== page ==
online access, or if materials cannot be made accessible, then providing anequivalent online experience. This can be damaging to the educational experienceof attending an institution, ignoring the fact that institutions and their staff deploya range of learning methods, some of which will suit all students; others will not.The only way to judge the accessibility of an institution is to assess it holisticallyand not judge it by a single method of delivery.The components of a proposed holistic framework to support the development of e-learning resources are outlined below.
The Disability Rights Commission’s report (DRC 2004) highlighted the importance of Web site usability for people with disabilities. The report pointed out that “45% of [the 585 accessibility and usability] problems were not a violation of any [WAIWCAG] Checkpoint and could therefore have been present on any WAI-conformantsite regardless of rating”. This point illustrates a limitation of the WAI WCAGguidelines. It should be self-evident that quality e-learning Web resources shouldbe usable and not just accessible. However the strong emphasis given toaccessibility, especially with concerns sometimes expressed that failure to complywith W3C WAI WCAG guidelines could lead to legal action, can lead to failure togive equal weight to usability issues.Although it might appear desirable to include usability alongside accessibility thereis a need to be aware of potential conflicts. This may be partly due to poor supportfor Web standards in browsers. In addition users may express preferences for e-learning resources which have conflict with accessibility guidelines. The proprietaryFlash format is widely used for the development of interactive e-learning resourcesand on-line games. Such resources may be accessible. The RNIB (Royal NationalInstitute for the Blind), for example, has encouraged the development of accessible Flash resources. The RNIB also provide advice on the development of accessible Flash resources (RNIB, n.d.). Although resources such as the RNIB BlindDate game may be usable and accessible, they would not appear to comply withthe WAI WCAG guidelines as they make use of a proprietary file format.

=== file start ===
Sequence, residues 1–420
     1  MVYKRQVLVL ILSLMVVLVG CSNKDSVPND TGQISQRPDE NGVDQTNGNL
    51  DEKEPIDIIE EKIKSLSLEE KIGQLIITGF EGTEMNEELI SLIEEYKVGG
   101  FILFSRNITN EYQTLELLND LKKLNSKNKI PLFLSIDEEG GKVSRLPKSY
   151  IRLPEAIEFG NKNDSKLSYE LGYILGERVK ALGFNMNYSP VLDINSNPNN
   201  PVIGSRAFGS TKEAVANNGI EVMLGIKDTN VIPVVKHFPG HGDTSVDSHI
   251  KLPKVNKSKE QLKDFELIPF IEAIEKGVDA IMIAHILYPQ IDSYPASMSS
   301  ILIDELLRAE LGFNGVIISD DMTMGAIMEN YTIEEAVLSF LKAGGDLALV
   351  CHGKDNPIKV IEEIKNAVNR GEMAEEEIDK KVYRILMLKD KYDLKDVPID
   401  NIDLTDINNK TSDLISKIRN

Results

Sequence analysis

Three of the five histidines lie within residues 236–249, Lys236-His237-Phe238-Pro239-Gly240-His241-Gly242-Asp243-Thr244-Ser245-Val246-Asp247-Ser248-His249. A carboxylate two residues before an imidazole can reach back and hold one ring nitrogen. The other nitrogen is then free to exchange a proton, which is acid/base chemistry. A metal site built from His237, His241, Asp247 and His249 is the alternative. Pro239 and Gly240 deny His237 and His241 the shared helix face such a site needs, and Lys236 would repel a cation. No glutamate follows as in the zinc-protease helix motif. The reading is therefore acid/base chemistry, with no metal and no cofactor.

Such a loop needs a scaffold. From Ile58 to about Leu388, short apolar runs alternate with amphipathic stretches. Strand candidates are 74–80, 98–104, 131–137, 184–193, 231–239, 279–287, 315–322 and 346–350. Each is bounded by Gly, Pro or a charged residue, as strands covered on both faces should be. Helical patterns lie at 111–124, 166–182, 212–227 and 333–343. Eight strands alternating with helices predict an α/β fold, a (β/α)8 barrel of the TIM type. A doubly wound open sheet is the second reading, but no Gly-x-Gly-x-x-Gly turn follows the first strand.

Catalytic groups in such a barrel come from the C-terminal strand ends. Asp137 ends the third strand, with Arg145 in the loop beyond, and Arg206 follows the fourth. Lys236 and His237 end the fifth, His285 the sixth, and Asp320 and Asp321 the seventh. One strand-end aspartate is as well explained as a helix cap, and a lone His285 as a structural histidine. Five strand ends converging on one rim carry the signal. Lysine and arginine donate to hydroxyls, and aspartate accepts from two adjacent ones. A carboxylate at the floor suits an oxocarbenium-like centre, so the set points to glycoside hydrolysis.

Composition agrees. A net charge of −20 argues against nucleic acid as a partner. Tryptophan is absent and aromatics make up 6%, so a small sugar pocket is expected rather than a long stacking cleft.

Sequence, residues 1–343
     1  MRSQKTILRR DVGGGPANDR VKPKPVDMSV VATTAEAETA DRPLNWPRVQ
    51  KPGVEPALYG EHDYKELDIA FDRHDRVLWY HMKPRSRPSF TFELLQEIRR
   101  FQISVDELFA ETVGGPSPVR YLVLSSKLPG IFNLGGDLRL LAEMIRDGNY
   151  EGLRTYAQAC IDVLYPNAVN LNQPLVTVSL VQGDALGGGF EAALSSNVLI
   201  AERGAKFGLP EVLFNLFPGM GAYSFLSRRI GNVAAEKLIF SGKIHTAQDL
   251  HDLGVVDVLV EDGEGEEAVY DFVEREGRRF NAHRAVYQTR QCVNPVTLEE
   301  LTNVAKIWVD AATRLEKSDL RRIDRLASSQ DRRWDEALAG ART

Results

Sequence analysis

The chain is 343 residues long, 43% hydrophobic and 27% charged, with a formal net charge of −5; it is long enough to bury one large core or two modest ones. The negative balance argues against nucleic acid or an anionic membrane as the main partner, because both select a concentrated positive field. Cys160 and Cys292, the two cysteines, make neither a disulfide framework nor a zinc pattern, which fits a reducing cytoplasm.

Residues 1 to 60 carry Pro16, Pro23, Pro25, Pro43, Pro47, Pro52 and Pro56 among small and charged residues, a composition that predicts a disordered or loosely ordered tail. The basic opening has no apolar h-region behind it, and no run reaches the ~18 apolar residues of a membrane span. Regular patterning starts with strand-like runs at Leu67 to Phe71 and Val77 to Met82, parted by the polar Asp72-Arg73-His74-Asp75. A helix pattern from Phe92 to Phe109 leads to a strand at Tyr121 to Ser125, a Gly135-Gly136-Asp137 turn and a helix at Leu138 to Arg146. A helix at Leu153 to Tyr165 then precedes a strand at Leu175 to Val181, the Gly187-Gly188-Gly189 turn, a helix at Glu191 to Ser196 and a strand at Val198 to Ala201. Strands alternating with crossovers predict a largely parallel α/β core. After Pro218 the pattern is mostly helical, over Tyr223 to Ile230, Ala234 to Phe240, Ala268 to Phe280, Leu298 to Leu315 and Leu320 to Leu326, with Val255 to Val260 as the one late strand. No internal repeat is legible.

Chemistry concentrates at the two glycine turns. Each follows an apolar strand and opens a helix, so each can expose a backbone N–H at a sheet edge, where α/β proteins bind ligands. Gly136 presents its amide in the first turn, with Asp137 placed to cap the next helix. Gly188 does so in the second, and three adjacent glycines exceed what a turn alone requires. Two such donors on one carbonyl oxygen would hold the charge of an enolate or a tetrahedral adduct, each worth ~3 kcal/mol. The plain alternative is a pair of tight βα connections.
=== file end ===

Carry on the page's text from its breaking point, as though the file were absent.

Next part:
Accessible e-Learning or Accessible Learning?
In the holistic approach to accessible e-learning there is a need to provideaccessible
experiences, and not necessarily an accessible
experience. This approach has parallels with the concept of
rather than the more limited
approach.As an example, consider an e-learning environment which provides a highlyinteractive 3D visualisation of a molecule. Such an environment is likely to be verydifficult to make accessible to a visually impaired student or a student withimpaired motor skills. Rather than seeking to develop an accessible version of suchan environment (which, if possible to do, may prove costly, without any guaranteethat the accessible equivalent will be usable by the student with disabilities). Insuch a case the teacher should consider the learning experience provided by the e-learning resources and seek to develop an alternative which provides an equivalentlearning experience. In many cases it should be possible to find an acceptableequivalent learning experience, such as the resources used prior to thedevelopment of the e- learning resource (for example, a physical representation of a molecule).